BUENOS AIRES, Dec 15 (Reuters) - Argentine stocks closed higher for a ninth consecutive session on Monday, boosted by selective buying from investors in shares tied to global commodity prices, while bonds fell.
The benchmark MerVal index .MERV rose 1.53 percent to close at 1,115.04 points, accumulating a 20.5 percent gain since it began its run in positive territory and reducing its losses this year to 48.2 percent.
“Selective buying from investment funds helped the MerVal extend its gains,” said Augusto Fariea, a trader at Amirante Galitis brokerage.
Buenos Aires-listed shares of Brazilian oil company Petrobras (APBR.BA) rose 2.72 percent to 41.6 pesos per share, pushed higher by a brief rise in oil prices on expectations that OPEC would agree to cuts this week when the group meets in Algeria.
Oil prices closed nearly 4 percent lower as deepening economic worries countered those expectations.
Food manufacturer and grains exporter Molinos Rio de la Plata (MOL.BA) rose 1.1 percent to 12.1 pesos.
On the broad market volume was light at $13.5 million. Of active issues, 39 advanced, 14 declined and 14 were unchanged.
Government bonds traded locally fell 2.1 percent on average in light trade, led by a 6.9 percent fall in the dollar-denominated Boden 2014 bond ARBODEN14=RASL.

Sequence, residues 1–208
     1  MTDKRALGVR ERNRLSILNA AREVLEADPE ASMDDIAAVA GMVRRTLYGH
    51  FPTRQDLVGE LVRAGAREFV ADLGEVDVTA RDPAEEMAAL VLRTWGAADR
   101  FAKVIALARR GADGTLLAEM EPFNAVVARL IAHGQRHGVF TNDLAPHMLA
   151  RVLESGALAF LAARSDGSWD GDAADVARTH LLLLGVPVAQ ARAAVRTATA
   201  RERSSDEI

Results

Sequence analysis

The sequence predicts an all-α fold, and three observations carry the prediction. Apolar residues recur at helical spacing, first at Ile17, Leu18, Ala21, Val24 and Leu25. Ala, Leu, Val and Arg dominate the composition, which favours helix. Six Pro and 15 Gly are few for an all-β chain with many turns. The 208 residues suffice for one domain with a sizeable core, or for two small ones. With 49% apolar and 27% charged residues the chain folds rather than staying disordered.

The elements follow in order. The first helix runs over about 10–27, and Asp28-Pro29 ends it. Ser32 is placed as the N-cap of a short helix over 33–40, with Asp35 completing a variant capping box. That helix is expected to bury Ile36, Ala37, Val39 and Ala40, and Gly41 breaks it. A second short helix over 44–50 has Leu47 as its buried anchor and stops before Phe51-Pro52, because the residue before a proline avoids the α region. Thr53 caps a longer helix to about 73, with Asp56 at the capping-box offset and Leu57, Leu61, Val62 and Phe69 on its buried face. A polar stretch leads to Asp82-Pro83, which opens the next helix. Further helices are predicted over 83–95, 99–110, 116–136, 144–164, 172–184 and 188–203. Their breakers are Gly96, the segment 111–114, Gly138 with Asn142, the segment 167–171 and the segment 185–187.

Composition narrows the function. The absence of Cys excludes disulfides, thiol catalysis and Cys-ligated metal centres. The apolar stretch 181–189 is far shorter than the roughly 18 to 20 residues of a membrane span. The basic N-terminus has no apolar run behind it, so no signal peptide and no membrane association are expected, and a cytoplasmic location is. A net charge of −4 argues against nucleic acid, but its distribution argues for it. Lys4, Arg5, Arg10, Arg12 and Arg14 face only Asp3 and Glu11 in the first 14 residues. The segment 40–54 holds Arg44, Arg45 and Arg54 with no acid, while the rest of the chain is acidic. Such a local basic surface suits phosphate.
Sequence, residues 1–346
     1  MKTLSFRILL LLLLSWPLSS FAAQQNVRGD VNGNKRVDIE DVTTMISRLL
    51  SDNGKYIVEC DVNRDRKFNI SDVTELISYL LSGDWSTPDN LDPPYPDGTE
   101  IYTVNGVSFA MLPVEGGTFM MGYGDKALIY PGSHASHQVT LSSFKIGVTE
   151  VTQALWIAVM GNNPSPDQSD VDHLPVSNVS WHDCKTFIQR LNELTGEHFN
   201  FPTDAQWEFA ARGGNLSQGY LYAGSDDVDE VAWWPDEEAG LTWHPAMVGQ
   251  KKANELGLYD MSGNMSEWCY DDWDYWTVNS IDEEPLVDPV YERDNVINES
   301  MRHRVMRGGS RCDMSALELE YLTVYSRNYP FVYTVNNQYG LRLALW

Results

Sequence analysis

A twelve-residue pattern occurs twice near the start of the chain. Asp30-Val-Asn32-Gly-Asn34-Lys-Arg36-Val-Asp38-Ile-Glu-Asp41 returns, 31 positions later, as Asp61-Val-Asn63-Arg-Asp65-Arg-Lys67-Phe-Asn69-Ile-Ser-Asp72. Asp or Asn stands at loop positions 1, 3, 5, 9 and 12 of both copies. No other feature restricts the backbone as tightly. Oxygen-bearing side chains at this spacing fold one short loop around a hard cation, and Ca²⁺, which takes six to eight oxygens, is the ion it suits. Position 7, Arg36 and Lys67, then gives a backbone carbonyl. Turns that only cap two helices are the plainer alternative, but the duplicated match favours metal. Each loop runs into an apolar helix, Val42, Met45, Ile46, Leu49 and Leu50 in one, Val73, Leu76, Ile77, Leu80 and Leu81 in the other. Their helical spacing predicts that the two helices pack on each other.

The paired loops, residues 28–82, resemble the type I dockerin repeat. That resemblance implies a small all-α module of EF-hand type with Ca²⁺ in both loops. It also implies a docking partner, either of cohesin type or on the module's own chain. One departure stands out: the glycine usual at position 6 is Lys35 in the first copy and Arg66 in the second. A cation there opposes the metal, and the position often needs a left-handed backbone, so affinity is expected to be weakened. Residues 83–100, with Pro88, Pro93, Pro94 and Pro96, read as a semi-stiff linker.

Bond prices have fallen 3 percent over the last three sessions as investors concerned about the global economic downturn stayed on the sidelines, traders said.
On the foreign exchange market, the peso closed virtually unchanged in moderate trade heavily regulated by the central bank.
In formal trade between banks the peso was flat at 3.42/3.425 per dollar ARS=RASL. In trade between foreign exchange houses, as measured by Reuters, the peso was also unchanged at 3.4675/3.4725 per dollar ARSB=.
“The central bank was active in the market at the beginning, selling (dollars) to prevent the peso from strengthening, and the end, buying to keep the peso at 3.42 pesos,” said Fernando Izzo, an analyst at ABC Mercado de Cambios. (Reporting by Jorge Otaola and Walter Bianchi, Writing by Kevin Gray; Editing by Jonathan Oatis)